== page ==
008410j.5.jpg

To improve the global resolution Δz obj for a given test object according to the input requirements (detailed information about the object shape, dimensions of smallest features to detect, etc.), successive measurements with decreasing sizes of surface areas are performed in areas of interest indicated by a detection algorithm (Sec. 2.4). The precondition for this approach is the assumption that the global measurement already contains information about the smallest features to detect. This defines minimal conditions for the relation between the resolution (lateral and vertical) of the global measurement and the feature size.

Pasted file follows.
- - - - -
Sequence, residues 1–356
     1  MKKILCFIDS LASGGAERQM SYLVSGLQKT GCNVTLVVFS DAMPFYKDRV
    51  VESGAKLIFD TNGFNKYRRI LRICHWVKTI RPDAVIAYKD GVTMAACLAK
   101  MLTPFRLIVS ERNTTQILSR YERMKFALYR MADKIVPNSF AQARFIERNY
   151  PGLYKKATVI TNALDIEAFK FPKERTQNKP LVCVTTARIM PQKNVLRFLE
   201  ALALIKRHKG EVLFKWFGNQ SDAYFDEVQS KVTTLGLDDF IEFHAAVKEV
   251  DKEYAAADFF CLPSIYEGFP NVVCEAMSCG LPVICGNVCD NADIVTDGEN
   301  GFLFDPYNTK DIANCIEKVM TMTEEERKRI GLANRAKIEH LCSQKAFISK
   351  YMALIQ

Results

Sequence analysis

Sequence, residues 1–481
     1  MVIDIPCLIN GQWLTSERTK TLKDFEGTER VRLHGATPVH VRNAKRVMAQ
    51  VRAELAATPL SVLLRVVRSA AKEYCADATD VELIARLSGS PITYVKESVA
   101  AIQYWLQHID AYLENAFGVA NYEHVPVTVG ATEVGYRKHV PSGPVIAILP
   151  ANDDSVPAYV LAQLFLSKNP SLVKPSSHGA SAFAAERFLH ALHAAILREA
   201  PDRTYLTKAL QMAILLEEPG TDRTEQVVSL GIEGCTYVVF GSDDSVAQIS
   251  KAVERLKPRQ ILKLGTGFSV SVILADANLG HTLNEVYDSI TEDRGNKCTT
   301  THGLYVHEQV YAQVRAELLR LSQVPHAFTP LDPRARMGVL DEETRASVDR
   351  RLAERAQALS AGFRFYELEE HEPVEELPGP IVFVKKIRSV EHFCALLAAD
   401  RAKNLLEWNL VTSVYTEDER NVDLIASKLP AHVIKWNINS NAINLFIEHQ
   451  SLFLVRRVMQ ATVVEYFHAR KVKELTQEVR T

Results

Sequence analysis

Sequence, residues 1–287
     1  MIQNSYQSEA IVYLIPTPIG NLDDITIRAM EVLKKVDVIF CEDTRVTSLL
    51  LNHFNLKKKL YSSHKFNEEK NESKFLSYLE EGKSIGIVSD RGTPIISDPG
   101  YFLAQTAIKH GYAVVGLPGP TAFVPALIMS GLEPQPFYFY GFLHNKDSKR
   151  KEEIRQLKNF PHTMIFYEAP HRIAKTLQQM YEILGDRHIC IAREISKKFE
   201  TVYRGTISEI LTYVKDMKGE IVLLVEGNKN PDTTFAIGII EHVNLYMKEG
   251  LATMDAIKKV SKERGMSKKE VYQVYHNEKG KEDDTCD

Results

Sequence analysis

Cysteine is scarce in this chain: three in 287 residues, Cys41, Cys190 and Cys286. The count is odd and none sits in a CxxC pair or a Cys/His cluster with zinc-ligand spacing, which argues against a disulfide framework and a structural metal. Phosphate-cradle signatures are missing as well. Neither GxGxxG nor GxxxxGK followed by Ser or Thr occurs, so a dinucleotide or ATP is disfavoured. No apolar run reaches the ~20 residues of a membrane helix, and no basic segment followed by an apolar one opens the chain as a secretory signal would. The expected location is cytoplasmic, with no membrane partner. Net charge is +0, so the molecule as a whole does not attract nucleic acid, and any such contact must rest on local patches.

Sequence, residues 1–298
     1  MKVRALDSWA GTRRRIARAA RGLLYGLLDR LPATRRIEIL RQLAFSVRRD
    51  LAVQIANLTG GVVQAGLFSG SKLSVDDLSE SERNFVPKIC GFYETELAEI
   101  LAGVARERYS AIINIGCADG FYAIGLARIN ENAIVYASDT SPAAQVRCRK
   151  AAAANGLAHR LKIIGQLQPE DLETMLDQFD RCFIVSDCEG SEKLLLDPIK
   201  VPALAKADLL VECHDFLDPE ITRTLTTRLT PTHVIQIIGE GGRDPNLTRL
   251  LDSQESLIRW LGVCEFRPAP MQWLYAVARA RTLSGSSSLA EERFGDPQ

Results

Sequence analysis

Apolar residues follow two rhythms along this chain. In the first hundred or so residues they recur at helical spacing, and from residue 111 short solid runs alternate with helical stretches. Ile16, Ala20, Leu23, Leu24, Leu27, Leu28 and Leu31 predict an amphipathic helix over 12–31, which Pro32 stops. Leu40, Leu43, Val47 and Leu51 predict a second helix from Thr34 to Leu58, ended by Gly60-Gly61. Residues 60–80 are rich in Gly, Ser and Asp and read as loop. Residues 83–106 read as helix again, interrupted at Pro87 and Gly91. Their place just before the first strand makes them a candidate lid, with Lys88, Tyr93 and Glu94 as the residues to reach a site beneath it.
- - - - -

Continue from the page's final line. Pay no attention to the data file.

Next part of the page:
• • The lateral extensions of the structures to be detected have to be at least in the range of the lateral resolution.

  • • The vertical extension must be bigger than the depth resolution Δz.

Features just fulfilling these minimal conditions are not fully described by the global measurement. The successive local measurements are used to locally increase the resolution and achieve feature characterization.

The aim of a quality control is to ensure tolerances of parts and products (Sec. 1). To ensure tolerances, the measurement accuracy (standard deviation) has to be about ten times better. This again implies a measurement resolution that is ten times better then the standard deviation. Taking into account this rule of thumb,10 i.e.,

Eq. (8)

tolerance  10. accuracy  100. resolution,